Halsema AX(is) Project : Kawayan De Guia in collaboration with AX(is)
Anyone who has traveled from Baguio to Sagada would be familiar with the old Dangwa Bus. Up to about a few years ago, the rickety non-airconditioned buses, some with wooden high-backed seats regularly plied the Halsema Highway. Often crammed with passengers and cargo, it departs from the equally old-style Dangwa terminal in downtown Baguio early in the morning and arrives in Sagada around seven hours after, depending on weather and road conditions.
In Kawayan de Guia’s latest installation, the old Dangwa bus is re-purposed as the vehicle for AX(i)S, a collective force, which he initiated with other young artists in Baguio last year. In the same spirit as the early Baguio Art Festivals in the 1990s, it is a convergence of artists from different fields who seek to re-activate art in the public sphere. For the exhibition at MO_space, documentation of the works and happenings at last year’s AX(i)S festival will be projected inside a bus made from the festival tent, which had been patched together using ukay-ukay clothes. Scattered around on the floor are smaller assemblages of found objects that form roadside shrines. The exhibition is a prelude to another AX(i)S project this coming November wherein artists will be creating various works along the stretch of Halsema Highway. Supported by the Cordilleran Green Network, the project addresses diverse issues ranging from nature, nomadism, travel, connectivity, collaboration, and environmental impact.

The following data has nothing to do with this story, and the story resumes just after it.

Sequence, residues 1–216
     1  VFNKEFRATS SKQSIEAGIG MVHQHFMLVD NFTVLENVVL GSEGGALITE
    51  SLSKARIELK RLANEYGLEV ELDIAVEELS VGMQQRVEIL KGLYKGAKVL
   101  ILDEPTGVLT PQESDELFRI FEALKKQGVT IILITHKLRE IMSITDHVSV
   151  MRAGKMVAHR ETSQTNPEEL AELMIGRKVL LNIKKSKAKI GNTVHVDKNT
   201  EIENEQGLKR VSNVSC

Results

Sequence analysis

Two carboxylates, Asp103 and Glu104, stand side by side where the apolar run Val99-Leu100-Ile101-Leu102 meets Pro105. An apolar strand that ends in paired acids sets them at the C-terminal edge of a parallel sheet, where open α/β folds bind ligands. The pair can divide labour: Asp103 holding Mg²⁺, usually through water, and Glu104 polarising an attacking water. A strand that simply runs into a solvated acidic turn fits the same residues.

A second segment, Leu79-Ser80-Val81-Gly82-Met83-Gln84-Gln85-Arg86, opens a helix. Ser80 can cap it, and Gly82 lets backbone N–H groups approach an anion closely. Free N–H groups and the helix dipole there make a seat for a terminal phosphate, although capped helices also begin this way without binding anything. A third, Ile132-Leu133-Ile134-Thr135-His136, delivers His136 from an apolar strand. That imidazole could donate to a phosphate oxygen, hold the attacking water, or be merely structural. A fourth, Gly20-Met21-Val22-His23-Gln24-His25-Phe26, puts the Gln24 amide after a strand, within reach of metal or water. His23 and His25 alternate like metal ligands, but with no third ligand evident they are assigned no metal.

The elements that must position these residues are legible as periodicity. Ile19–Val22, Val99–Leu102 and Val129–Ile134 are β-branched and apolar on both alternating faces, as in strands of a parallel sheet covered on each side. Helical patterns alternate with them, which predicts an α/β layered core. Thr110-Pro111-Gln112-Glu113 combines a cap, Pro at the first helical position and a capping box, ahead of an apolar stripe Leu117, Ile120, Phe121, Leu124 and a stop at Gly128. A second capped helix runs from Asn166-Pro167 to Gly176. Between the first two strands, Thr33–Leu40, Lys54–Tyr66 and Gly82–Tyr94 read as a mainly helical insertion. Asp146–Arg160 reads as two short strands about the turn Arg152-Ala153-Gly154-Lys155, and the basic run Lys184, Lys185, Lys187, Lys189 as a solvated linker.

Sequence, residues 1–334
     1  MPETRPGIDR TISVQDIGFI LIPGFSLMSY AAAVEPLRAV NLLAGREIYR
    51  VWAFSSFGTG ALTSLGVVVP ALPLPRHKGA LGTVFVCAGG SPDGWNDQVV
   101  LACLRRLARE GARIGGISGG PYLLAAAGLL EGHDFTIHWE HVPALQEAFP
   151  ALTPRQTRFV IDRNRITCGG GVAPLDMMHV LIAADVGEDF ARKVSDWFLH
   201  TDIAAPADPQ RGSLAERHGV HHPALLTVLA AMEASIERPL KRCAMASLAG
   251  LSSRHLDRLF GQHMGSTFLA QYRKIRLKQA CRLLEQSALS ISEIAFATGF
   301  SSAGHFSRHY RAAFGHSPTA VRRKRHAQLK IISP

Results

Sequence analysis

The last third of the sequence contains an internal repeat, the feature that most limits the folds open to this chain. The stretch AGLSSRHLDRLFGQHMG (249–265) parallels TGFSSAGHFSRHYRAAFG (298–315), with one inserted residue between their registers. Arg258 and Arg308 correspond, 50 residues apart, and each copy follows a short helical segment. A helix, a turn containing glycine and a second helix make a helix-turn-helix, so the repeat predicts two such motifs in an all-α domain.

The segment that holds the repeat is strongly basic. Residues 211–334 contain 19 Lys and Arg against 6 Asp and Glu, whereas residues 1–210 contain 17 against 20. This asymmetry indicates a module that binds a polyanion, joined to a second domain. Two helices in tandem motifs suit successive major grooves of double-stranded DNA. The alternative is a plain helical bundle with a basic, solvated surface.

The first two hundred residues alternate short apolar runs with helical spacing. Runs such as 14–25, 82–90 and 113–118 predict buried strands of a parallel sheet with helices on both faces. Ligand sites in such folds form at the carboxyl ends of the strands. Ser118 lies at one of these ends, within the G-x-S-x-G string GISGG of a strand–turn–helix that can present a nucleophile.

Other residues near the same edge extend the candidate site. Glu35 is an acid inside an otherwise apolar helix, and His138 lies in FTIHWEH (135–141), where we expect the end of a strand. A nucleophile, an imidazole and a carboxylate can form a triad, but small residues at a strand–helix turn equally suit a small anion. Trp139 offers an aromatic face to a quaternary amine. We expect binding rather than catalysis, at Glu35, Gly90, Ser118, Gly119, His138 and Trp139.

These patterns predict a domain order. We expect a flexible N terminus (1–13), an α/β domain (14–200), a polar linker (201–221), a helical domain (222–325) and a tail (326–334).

As one of the drivers of AX(i)S, Kawayan seeks detours and alternate routes to a more expansive yet deeply-rooted way of art-making and culture-bearing. In this exhibition, the bus, tent, used clothes and other salvaged objects are not only used as contemporary emblems of the Northern way of life; they also represent the resiliency of independent artists’ communities despite the current impasses in the local art scene.